Not much information on this one, but the few details available are chilling. Evidently Don Stollmeyer, who runs the famous Power Boats yard in Trinidad, has confirmed via the local Coast Guard there that a German woman, Angelica Ropke-Wiels, was picked up on April 16 by a merchant vessel that found her alone, adrift in a liferaft, near Curacao. She and her husband, Hans Jorgen Ropke, were attacked aboard their sailboat, Spirit of Cologne II, on April 3 about one mile off the north coast of Venezuela's Paria Penisula (directly west of Trinidad on the map above). Hans was shot and killed in the attack.
According to other sources, Angelica, on being taken aboard M/V San Fernando, told her rescuers she'd been adrift for 13 days and had had her husband's body aboard the liferaft with her, but had pushed it overboard. Meanwhile, however, Spirit of Cologne was discovered afloat and reportedly in sound condition off the coast of Venezuela with Hans' body still aboard. According to Stollmeyer's secondhand report, Angelica had sailed the yacht north for four days after the attack, then abandoned it and boarded the raft for reasons unknown.
It's hard to know what to make of this. Lots of compost for a fertile imagination. Was the woman deranged with grief? Has she murdered her husband and concocted the pirate tale as a cover? More likely the former methinks, but the simulated piracy scam might indeed be a smart ploy for those looking to lose a troublesome spouse.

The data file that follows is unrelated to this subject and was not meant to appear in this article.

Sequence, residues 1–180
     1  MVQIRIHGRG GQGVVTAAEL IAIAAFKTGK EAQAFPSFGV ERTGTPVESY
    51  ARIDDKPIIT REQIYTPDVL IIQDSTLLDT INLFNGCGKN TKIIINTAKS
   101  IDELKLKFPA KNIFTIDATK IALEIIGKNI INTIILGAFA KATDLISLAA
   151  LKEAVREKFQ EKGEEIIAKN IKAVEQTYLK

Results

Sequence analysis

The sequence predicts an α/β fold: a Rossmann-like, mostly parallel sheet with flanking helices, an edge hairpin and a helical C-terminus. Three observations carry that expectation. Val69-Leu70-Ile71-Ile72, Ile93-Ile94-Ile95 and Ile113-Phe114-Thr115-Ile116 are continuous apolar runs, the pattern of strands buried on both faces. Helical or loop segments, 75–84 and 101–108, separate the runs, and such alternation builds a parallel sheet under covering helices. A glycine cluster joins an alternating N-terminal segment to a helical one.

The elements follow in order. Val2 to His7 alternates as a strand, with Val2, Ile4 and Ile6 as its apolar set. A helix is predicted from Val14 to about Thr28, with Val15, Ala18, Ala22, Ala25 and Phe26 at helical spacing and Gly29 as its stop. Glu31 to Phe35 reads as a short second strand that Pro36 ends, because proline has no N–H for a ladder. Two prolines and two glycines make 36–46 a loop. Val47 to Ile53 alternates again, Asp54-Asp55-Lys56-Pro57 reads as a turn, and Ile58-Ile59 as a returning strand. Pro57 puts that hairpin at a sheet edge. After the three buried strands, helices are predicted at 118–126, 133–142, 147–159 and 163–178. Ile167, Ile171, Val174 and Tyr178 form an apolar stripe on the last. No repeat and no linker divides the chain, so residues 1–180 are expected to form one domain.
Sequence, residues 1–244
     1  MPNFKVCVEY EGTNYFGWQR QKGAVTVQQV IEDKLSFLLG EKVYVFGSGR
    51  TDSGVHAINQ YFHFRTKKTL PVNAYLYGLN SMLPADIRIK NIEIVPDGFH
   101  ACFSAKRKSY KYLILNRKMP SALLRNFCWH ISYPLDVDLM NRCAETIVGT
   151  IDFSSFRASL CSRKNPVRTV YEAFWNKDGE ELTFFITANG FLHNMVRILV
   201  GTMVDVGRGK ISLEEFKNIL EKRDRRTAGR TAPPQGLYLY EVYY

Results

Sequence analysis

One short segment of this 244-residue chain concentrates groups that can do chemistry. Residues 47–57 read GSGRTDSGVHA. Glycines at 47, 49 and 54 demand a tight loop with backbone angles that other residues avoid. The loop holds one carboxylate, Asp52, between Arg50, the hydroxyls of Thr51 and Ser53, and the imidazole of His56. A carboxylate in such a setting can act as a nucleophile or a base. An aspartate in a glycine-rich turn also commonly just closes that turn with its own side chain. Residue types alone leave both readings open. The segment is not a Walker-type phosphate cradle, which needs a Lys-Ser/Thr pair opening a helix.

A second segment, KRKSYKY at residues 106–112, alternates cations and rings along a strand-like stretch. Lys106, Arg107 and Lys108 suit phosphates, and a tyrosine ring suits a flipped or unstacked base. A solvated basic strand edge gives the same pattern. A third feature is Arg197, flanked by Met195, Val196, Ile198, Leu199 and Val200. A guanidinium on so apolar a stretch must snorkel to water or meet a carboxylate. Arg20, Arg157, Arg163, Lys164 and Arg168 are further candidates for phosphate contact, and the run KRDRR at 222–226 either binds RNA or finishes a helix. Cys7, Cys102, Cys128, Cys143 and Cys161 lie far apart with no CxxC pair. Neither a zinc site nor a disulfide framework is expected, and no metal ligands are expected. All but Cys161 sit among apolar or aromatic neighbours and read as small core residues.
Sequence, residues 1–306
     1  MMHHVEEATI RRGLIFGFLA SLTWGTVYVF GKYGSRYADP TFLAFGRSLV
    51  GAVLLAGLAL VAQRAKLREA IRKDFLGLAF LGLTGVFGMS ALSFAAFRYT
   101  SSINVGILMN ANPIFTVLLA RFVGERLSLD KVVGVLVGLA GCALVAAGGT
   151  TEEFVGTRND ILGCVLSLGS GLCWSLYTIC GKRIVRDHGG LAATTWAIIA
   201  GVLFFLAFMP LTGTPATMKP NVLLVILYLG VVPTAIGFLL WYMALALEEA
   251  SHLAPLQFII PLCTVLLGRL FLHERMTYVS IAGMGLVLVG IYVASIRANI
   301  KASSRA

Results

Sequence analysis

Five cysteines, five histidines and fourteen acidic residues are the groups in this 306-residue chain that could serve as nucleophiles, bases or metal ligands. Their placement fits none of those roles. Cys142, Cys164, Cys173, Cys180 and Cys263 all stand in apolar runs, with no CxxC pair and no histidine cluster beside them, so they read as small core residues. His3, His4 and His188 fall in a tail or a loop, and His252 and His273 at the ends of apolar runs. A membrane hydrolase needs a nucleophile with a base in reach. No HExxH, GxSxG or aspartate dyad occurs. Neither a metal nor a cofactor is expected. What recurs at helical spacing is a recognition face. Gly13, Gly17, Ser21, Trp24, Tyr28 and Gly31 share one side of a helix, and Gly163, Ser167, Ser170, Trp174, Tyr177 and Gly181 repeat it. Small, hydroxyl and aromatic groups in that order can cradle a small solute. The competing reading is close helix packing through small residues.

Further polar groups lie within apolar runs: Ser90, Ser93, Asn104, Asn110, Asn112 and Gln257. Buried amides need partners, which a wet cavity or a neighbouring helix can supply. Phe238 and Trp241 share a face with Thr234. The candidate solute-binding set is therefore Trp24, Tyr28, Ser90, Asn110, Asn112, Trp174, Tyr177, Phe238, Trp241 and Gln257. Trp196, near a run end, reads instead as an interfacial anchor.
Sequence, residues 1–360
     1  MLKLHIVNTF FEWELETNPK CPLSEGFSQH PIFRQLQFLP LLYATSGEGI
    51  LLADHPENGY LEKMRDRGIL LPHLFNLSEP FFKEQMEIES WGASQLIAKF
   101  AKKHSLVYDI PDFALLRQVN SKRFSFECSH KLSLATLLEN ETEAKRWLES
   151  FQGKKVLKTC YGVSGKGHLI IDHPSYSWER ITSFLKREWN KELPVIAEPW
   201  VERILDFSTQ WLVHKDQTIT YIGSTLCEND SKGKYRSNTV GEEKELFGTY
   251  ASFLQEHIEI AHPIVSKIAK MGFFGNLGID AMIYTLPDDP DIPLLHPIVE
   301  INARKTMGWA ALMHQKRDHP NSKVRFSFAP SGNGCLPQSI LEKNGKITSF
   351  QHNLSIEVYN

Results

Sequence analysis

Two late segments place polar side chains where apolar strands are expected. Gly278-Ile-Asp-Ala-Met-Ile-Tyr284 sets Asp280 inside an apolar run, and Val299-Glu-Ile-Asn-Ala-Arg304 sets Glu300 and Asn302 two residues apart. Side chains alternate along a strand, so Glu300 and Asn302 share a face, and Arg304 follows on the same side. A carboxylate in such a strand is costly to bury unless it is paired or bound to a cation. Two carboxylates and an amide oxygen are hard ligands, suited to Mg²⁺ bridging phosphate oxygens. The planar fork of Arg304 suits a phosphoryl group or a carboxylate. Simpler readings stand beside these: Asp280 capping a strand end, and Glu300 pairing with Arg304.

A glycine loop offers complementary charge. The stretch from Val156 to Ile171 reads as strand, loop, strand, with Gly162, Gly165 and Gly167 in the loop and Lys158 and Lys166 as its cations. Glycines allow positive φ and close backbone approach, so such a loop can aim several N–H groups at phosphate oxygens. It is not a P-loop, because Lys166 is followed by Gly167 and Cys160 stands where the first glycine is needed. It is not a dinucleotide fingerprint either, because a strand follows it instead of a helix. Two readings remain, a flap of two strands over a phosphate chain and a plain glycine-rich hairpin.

However you want to spin this, it seems clear the coast of Venezuela is best avoided if you are sailing in the Caribbean. Though it is described by some as a very attractive cruising ground, tales of piracy there have been rampant there for several years. As recently as February there were stories swirling about a yacht called Triton that was fired upon and robbed en route between Trinidad and Grenada. Fortunately none aboard were harmed.
The conventional wisdom is cruisers should stay at least 60 miles off the Paria coast. Meanwhile, opinions are apparently a bit mixed now on security between Trinidad and Grenada, which is a critical passage for Caribbean cruisers heading south to escape the summer hurricane season.
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